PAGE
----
Don’t just take our word for it.  Check out this inspiring video clip in which our friend Cheryl Naja describes a pro bono project for eligible cancer patients that was the brainchild of non-lawyers at Alston & Bird LLP*†, who are also heavily involved, along with firm lawyers, in its ongoing implementation:

How are you engaging your non-lawyer staff and leveraging their skills in support of pro bono projects?  Are you incorporating a pro bono element into the celebration of your administrative professionals next week?  Leave a comment and share your creative ideas below.  To learn more about involving non-lawyers in pro bono, check out the Law Firm Pro Bono Project’s publication “Broadening the Bench: Involving Non-Lawyer Staff in Law Firm Pro Bono,” which is available in our Resource Clearinghouse.

*denotes a Signatory to the Law Firm Pro Bono Challenge®
denotes a Member of the Law Firm Pro Bono Project

April 11, 2013

Pro Bono and a Food Desert Near You

clip_image001The PBEye closely follows pro bono efforts designed to increase access to nutritious and affordable food.  As a society, we continue to pay greater attention to the food we eat and the impact it has on our health and well-being.  Unhealthy eating habits and limited access to fresh food, however, are systemic issues for many Americans.  This is particularly problematic because the number of poor and hungry residents in the U.S. climbed recently (47.3 million, nearly one in seven Americans, participate in the Supplemental Nutrition Assistance Program, commonly referred to as food stamps).  Pro bono work in this area has the potential to make a significant impact on our communities.

Want to know where you can’t buy fresh, healthy food?  The U.S. Department of Agriculture (USDA) has a new map for you!  The Food Access Research Atlas helps you see exactly where people have challenges finding fresh fruits and veggies to purchase.  With a few clicks and you can learn exactly where people are unable to walk to a grocery store.  The atlas is a terrific tool for policymakers, nonprofit groups, and pro bono lawyers concerned about food access issues.  In addition to providing relief to food deserts by bringing farmers markets and grocery stores into communities, efforts to help people eat better also include working on lowering the costs of nutritious food and education.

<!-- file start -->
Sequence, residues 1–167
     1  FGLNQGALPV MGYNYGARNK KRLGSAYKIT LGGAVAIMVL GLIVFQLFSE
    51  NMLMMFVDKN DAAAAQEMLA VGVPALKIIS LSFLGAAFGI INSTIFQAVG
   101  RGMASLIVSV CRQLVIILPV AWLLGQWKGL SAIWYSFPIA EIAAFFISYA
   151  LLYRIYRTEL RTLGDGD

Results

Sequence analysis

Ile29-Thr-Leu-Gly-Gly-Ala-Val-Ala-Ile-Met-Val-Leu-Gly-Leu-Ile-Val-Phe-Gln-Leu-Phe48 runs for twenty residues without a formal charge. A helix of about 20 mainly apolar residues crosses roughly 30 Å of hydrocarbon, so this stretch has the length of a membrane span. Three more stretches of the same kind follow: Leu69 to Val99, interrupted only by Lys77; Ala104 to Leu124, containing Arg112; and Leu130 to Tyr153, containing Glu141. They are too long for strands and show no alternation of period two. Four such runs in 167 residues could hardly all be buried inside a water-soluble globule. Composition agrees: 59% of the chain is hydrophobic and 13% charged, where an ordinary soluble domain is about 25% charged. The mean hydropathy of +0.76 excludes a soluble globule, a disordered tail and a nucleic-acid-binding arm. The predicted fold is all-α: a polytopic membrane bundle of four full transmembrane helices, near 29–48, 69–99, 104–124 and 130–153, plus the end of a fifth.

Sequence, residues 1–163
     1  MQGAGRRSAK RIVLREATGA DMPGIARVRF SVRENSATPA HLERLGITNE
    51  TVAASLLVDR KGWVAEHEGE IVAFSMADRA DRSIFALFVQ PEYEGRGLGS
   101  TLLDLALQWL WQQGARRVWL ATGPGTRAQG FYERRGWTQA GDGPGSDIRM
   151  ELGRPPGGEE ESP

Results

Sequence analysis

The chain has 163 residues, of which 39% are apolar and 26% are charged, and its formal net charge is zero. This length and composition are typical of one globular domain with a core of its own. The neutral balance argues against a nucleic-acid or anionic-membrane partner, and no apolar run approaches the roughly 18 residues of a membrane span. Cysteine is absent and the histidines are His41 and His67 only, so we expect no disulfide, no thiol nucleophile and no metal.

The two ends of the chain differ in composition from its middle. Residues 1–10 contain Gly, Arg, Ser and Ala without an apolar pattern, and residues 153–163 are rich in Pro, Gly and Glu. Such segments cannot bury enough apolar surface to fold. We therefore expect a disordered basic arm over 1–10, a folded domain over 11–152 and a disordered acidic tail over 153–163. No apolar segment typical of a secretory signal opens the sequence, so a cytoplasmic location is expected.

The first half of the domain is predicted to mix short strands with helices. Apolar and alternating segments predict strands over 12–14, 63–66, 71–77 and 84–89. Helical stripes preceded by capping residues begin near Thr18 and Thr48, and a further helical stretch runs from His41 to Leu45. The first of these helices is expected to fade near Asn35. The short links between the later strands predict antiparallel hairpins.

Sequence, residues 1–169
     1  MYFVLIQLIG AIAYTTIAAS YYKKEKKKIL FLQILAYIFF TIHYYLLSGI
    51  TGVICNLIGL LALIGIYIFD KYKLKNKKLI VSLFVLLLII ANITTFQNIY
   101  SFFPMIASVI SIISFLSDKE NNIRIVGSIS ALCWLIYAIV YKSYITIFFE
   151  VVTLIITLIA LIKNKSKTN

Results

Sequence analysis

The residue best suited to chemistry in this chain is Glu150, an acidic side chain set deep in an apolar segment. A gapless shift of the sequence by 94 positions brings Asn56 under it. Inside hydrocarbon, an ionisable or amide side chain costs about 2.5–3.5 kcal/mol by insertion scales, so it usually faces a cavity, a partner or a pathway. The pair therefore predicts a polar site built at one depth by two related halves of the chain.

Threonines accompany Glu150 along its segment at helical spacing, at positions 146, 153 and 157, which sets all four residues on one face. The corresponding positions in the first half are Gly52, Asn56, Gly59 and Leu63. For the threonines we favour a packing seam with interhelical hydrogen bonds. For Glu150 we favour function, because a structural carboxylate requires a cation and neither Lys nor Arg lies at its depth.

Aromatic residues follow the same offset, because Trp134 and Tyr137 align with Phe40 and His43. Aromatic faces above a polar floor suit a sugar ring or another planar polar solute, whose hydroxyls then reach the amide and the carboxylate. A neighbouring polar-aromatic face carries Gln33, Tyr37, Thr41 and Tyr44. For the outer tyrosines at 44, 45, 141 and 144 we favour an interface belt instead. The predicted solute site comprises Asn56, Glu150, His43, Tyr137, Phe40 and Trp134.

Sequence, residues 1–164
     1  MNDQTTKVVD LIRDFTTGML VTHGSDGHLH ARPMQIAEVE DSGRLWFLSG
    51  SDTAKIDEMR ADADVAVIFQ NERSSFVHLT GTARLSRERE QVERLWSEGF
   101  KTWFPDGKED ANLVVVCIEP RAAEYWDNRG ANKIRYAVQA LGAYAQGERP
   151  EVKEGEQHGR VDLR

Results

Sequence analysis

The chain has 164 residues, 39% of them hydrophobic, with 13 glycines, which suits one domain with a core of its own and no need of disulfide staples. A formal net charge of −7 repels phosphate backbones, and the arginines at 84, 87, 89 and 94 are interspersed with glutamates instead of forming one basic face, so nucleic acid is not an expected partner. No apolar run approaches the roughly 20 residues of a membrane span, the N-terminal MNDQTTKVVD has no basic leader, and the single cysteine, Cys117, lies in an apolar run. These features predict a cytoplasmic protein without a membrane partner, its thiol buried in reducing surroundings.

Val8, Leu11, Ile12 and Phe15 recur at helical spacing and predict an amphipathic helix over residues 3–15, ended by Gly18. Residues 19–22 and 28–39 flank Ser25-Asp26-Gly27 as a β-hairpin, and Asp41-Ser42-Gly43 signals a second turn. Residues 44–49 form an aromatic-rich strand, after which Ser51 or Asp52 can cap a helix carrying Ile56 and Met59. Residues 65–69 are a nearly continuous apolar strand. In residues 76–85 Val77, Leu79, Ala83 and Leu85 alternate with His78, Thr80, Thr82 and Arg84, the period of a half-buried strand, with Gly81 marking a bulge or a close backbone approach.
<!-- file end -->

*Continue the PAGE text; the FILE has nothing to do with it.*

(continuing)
Another useful tool, in addition to USDA’s new online atlas, is the Law Firm Pro Bono Project’s publication Pro Bono Food for Thought: Improving Access to Nutrition.  Pro bono work to support food access and security has the potential to transform a community, for example by turning an abandoned lot into a productive urban farm or cutting through bureaucratic barriers obstructing food stamp distribution or access to school meal programs.  Because this is an emerging area that many people – not just foodies – feel especially passionate about, you may be able to excite and engage a certain segment of your attorneys and professional staff, including some who may not have previously been the most active pro bono volunteers.

You may access the publication, which is free to Member Firms and available to others for purchase, by visiting our Resource Clearinghouse.  Are you engaged in an innovative pro bono project that promotes access to healthy food in low-income communities?  Leave us a comment and let us know!

    Older Posts >